Assessing the security implications of genome editing technology 2017-11-08
The Volkswagen Foundation, the Gordon and Betty Moore Foundation, and the Intelligence Advanced Research Projects Agency hosted an International Workshop “Assessing the Security Implications of Genome Editing Technology” at the Herrenhausen Palace in Hannover, Germany from the 11-13 October 2017. Approximately 200 participants from more than 15 countries discussed the potential risks and misuse that the latest advances in genome editing may pose. FABI MSc student, Alandie Nieuwoudt and Postdoctoral Fellow Dr Gudrun Dittrich-Schröder were two of 20 travel award recipients who attended and participated at this workshop. All travel awardees presented posters outlining the use of genome editing in their current or future research.
Genome editing has been received with both enthusiasm and controversy. Due to its general applicability this technique has a wide range of potential uses which are promising to address the many challenges of the 21st century. For example potential applications include cell-based therapies to control disease, control of vector-borne diseases, improved crop and livestock breeding and industrial microbial biotechnology to generate biofuels. Yet, scientists have also shown concern about accidental and intentional misuse of biological materials.
The workshop covered a wide range of topics: current and potential applications, as well as security dimensions associated with gene editing technologies in a wide range of organisms (including microbes, plants, animals and humans); strategies to address potential security risks of genome editing; public communication and engagement on potential security risks of genome editing applications, and the role of science academies in promoting responsible use of this technology and providing guidelines for scientists.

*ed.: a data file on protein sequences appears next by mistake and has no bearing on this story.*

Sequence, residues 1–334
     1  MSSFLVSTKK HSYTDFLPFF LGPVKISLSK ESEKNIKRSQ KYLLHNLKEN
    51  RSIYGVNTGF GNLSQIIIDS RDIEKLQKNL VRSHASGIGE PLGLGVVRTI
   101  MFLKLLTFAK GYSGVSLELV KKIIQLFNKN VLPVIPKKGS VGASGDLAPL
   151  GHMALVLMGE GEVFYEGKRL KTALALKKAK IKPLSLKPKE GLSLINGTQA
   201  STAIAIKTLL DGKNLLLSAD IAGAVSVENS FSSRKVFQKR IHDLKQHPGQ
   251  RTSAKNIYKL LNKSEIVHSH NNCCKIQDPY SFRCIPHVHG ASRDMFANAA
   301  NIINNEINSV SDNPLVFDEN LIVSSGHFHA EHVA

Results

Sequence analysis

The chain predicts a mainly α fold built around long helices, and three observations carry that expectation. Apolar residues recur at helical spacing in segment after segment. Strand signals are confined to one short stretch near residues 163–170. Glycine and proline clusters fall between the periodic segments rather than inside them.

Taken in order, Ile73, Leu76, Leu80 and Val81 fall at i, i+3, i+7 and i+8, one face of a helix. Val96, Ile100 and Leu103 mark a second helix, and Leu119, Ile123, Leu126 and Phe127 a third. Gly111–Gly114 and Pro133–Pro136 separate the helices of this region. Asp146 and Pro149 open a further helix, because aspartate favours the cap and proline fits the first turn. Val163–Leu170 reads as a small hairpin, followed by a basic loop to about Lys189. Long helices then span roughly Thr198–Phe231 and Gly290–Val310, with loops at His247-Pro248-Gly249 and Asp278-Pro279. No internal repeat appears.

Several Academies of Science, including the InterAcademy Partnership (IAP), the European Academies of Science Advisory Council (ESAC), the US National Academies of Sciences, Engineering and Medicine (NASEM), and the German National Academy of Sciences Leopoldina, contributed to discussions on the utility and safety of new genome editing technologies. Workshop organisers comprised international scholars with expertise on genome editing, security implications of biotechnology, science and technology policy, and public engagement highlighting the necessity to involve individuals from many different backgrounds.
The workshop emphasised the importance of international dialogue between all parties -scientists, lawyers, governments and the public, to name a few. This is especially needed because of the rapid development and widespread use of genome editing tools, such as the CRISPR-Cas9 system, in countries with various, and sometimes differing, regulations and governance policies. Discussions focused on near-, middle- and long-term security concerns of intentional misuse that may arise from these applications. Future biosecurity threats could come from terrorists or governments of other countries and, therefore, it is important that scientists, organisations, funding bodies, professional societies, scientific journals and others collectively ensure that the results of their work are not exploited.